Archive for November 24, 2010

The Hacks

November 24, 2010 Leave a comment

Alex Pareene has a brilliant series at Salon on what he calls the War Room Hack Thirty, his “least favorite political commentators, newspaper columnists and constant cable news presences … . Criteria for inclusion included writing the same column every week for 30 years, warmongering, joyless repetition of conventional wisdom, and making bad puns.”

Pareene has revealed his choices one at a time, from #30 to #1, building suspense. I was disappointed when Thomas Friedman turned up at #3. I had him pegged at #1. But he did finish ahead of David Broder, just barely, with Broder at #4. This afternoon, #1 was revealed: Broder’s fellow Washington Post columnist Richard Cohen.

Pareene on Friedman:

He’s a silly, simple-minded man whose success leads a cynic to the conclusion that the world is run by similarly silly, simple-minded men.

Repeat offenses: Conflation of wealth with virtue, horrible jokes, repetition, warmongering, easy generalizations in lieu of research or analysis, cabdriver-on-the-street columns, mixed metaphors, generally awful prose, random capitalization of Certain Words when he’s Trying to Coin a Catchphrase.

On Cohen:

I sometimes ask myself, who is the intended audience of a Richard Cohen column? Who reads a Richard Cohen column and thinks to himself, “Yes, I agree with this”? I don’t write “thinks to herself” because I cannot fathom the existence of a woman who’d respond approvingly to this defense of Clarence Thomas’ vocal appreciation of large breasts. I think Ginni herself would say it does Justice Thomas no favors to have the support of this guy. And what does Cohen leave out of his defense of Thomas? That he was accused of creating a hostile work environment himself, for making inappropriate comments to a 23-year-old editorial aide in the late-1990s.

There’s no subject on which Richard Cohen is not completely inessential. The looming debt crisis? Caused by kids today and their tattoos and hippety-hop music! The financial collapse? Did you know that Richard Cohen went to high school with Ruth Madoff? ‘Cause that’s all he’s got.

Richard Cohen is the worst hack in the country.

At the bottom of Pareene’s list, just squeezing in at #30, is David Brooks, the great generalizer and pop social psychologist. Pareene gets right to his essence:

Brooks is singularly unsuited to be an opinion columnist, because he has no strong beliefs. He shows, rarely, flashes of genuine wit, of critical thinking skills, of acknowledgment of his own ridiculousness. But mostly he just sort of rambles on about kids these days, about how things used to be different, about how the Elites are so out-of-touch.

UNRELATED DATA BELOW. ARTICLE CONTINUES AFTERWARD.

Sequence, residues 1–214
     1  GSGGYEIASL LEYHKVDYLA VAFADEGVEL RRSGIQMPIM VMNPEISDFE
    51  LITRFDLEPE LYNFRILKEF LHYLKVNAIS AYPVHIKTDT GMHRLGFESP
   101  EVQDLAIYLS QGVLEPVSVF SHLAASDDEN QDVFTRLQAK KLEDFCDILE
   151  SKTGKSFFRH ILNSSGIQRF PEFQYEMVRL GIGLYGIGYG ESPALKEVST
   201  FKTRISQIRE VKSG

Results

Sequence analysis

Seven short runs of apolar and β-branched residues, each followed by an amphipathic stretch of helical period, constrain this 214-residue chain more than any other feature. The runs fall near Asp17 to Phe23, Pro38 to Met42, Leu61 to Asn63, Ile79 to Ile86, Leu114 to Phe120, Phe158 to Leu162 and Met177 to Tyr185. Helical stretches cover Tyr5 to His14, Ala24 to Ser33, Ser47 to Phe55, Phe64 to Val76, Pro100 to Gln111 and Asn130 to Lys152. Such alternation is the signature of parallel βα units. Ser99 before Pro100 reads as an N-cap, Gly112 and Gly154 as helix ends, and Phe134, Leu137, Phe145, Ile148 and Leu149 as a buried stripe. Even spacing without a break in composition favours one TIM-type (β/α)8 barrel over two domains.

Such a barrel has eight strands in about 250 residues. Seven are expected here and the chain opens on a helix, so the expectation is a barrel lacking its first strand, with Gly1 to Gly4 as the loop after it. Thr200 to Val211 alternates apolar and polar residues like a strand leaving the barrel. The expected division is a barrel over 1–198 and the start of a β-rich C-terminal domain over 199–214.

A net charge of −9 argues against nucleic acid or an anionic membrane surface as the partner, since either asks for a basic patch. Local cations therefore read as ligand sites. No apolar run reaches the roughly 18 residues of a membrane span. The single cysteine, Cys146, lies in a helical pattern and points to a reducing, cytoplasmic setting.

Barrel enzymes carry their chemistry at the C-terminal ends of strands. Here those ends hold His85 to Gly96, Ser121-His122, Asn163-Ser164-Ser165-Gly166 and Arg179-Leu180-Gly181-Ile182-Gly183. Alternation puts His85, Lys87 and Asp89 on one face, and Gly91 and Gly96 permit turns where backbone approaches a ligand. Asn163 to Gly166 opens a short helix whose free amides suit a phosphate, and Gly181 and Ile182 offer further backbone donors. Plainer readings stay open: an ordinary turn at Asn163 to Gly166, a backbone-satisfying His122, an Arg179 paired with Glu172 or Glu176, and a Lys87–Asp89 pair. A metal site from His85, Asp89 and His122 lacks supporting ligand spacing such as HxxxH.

Occasionally he writes something exceptionally stupid or surprisingly vile, but mostly he just plays his part as a PBS Newshour Conservative.

Repeat offenses: armchair sociology, easy generalizations in lieu of research or analysis, boringness.

Representative quote:

“The magic is not felt by a lot of people. It’s not felt, obviously, by a lot of less educated people, downscale people. They just look at Obama, and they don’t see anything. And so, Obama’s problem is he doesn’t seem like the kind of guy who could go into an Applebee’s salad bar, and people think he fits in naturally there.”

(Note: Applebee’s does not have salad bars.)

Read about all thirty hacks. How do some of these people keep their jobs?

Categories: Journalism, Politics

I’m #1

November 24, 2010 Leave a comment

You gotta love this photo. I do, anyway. I’m no fan of Duke basketball. I feel about Duke the way I feel about the Yankees. It’s not that I want them to lose, or do poorly. Rather, I just don’t want to be reminded that they exist. I have read enough about the program to last me a lifetime. If they simply disappeared, I would be happy.

But now they feature freshman point guard Kyrie Irving, and I have renewed interest. Is that jersey cool or what? I’ll be ordering one soon.

I always wished Dr. J (Julius Erving) spelled his last name a little differently. We had so much in common. We both grew up on Long Island. We both went to college in Massachusetts. And we had the same last name. Almost. But after his sophomore year at UMass, the end of my freshman year, we went our separate ways. He joined the ABA and became its greatest star. I stayed put and watched our team struggle. UMass came to town that next year, Dr. J-less, to play us. I went to that game. I don’t remember who won, but it wasn’t the same without him.

A few decades later, I now have Kyrie to root for. We’re #1!

Categories: Family, Sports